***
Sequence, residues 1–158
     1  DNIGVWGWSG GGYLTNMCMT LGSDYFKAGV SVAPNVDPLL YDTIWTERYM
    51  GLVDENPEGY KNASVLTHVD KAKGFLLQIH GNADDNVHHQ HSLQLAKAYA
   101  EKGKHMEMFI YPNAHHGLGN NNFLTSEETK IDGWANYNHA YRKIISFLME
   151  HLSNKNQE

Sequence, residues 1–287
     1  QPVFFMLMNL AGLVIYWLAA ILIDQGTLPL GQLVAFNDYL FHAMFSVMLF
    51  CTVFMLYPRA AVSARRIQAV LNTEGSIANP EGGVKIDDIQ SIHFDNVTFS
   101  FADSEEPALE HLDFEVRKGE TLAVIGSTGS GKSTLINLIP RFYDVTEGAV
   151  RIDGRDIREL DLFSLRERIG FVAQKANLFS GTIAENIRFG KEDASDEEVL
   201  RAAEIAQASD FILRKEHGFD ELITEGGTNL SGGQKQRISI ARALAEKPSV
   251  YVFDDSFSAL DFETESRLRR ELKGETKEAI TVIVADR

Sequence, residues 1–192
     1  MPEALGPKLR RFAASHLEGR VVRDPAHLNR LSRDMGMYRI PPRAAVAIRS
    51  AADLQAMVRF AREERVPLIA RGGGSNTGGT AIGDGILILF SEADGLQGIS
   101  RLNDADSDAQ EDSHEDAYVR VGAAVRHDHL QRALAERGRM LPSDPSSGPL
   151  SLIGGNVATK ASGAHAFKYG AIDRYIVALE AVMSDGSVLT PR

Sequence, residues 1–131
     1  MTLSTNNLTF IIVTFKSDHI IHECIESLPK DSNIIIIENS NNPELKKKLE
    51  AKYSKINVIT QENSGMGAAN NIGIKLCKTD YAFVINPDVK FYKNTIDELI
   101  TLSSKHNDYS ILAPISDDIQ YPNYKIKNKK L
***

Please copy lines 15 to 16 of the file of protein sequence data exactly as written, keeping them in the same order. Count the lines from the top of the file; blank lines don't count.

    51  AADLQAMVRF AREERVPLIA RGGGSNTGGT AIGDGILILF SEADGLQGIS
   101  RLNDADSDAQ EDSHEDAYVR VGAAVRHDHL QRALAERGRM LPSDPSSGPL